[Reuters] Telecom operators are cooperating to halt extensive mobile spamming spreading from Asia to Europe and North America as this could hurt their brands and alienate subscribers.
The telecoms industry group GSMA unveiled on Wednesday a new spam reporting service, a world wide centre of messaging threats and misuse, analysing mobile users reports.
The new service, operated by messaging security firm Cloudmark, is in trials with operators including AT&T, Korea Telecom and Vivendi's SFR.
Unwanted mobile messaging -- spam, viruses or phishing attacks -- have surged in Asia as messaging prices have dropped to zero or close to zero, and already account for around 20 percent of all text messages. "We believe this will move over to Europe and United States probably during the next 18 months," Hugh McCartney, chief executive of Cloudmark told Reuters in an interview.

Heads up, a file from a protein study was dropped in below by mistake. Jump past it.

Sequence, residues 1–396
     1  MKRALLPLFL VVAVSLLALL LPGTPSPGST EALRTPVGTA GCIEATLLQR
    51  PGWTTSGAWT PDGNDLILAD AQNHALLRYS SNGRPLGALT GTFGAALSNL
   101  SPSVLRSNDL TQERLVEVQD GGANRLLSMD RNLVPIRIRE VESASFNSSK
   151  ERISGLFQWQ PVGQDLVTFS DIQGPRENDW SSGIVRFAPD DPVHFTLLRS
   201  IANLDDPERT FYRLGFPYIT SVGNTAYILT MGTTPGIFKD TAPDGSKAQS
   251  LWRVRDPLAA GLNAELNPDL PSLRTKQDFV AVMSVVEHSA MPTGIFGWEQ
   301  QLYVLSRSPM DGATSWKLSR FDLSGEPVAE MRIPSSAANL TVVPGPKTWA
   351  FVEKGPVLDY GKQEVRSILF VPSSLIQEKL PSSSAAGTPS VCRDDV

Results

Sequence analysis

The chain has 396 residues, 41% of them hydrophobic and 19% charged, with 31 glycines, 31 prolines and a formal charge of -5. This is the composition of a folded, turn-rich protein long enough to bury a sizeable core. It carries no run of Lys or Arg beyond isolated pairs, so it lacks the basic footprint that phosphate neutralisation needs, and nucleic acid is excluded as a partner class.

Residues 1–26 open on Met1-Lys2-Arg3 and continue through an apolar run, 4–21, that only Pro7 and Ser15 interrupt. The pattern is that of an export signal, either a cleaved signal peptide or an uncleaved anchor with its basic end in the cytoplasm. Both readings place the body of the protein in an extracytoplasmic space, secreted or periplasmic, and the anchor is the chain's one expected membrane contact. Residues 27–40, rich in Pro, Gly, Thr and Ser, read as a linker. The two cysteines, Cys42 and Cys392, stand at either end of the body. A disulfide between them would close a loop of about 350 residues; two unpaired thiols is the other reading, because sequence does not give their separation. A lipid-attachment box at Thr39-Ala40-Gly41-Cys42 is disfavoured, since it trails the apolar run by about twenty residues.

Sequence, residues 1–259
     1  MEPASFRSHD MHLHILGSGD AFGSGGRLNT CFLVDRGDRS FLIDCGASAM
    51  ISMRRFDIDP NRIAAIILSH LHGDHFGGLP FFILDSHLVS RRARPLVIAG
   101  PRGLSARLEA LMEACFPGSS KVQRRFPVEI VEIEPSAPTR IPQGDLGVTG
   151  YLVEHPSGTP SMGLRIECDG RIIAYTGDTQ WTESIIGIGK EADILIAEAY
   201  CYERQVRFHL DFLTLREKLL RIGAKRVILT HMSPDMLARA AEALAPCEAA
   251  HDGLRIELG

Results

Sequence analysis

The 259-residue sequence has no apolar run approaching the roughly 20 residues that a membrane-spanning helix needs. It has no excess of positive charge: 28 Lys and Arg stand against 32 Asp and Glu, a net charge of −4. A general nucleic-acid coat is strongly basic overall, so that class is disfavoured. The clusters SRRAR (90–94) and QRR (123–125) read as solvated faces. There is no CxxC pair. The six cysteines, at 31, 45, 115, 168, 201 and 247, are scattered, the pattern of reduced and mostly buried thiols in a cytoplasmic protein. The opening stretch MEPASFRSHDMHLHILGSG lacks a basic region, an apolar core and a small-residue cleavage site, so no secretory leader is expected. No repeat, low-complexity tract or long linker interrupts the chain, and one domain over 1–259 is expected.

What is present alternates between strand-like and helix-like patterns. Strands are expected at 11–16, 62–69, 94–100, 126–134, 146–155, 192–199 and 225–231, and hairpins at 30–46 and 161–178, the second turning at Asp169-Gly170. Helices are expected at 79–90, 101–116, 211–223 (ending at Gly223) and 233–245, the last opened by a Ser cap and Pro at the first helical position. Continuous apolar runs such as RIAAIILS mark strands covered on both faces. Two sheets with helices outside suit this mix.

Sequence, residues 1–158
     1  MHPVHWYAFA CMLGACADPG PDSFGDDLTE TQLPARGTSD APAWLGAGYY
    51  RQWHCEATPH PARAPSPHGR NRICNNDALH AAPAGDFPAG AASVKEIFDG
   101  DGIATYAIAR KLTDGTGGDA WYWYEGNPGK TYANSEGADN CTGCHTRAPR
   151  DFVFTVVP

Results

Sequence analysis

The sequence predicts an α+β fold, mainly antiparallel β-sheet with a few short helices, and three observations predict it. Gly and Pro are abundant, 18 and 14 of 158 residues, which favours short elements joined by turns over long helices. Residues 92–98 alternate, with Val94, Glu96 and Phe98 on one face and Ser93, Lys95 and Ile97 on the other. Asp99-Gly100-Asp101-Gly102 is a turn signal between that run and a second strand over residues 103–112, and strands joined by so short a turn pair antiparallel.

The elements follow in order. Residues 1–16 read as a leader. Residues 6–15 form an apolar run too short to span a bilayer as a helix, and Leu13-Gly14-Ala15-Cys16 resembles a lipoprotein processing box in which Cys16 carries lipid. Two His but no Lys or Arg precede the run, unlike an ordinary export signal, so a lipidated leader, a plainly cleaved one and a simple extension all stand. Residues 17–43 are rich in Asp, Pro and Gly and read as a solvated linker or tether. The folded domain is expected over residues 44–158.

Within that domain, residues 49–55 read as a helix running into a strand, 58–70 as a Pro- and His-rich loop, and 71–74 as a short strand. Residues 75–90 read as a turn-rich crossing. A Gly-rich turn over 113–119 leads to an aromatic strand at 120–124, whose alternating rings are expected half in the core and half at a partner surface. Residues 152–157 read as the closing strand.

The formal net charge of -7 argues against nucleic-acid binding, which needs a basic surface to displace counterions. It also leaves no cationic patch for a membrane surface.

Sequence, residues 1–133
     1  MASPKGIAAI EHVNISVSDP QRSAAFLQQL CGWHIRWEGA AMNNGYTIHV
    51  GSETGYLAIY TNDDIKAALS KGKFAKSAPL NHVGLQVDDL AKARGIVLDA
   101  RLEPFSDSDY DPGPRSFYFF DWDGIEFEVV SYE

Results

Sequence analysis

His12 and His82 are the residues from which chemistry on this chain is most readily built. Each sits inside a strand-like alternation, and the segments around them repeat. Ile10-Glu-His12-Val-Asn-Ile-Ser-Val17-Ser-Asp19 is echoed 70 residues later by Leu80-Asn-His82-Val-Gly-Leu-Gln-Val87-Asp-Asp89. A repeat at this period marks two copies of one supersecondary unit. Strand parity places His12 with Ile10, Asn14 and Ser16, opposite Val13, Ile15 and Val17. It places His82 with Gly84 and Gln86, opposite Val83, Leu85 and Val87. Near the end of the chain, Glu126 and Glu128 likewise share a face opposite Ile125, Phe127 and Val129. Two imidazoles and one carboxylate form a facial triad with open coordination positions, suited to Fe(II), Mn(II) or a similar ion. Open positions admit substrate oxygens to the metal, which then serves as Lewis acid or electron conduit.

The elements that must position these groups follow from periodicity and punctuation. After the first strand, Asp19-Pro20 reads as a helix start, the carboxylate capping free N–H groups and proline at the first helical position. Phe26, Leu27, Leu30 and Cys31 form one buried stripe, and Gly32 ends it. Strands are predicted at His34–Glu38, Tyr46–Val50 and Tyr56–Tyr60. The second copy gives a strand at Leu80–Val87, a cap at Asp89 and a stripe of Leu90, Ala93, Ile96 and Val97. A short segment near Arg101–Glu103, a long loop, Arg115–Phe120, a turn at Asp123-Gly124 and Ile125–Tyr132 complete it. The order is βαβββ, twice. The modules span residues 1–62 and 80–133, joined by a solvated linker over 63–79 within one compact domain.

So far in Europe and North America less than 1 percent of messages are spam, McCartney said.
"Operators just want to make sure it will never reach the level seen in Asia," he said.
So far mobile telecom operators in the mature markets have been able to block most of the so far simple attacks, but Cloudmark and other mobile and messaging security firms expects risks to grow as messaging costs fall, attracting spammers.
Cloudmark, majority-owned by private equity firms including Summit Partners and Nokia Growth Partners, competes with bigger rivals Symantec and Cisco in messaging security market.
Telecom operators join forces against mobile spam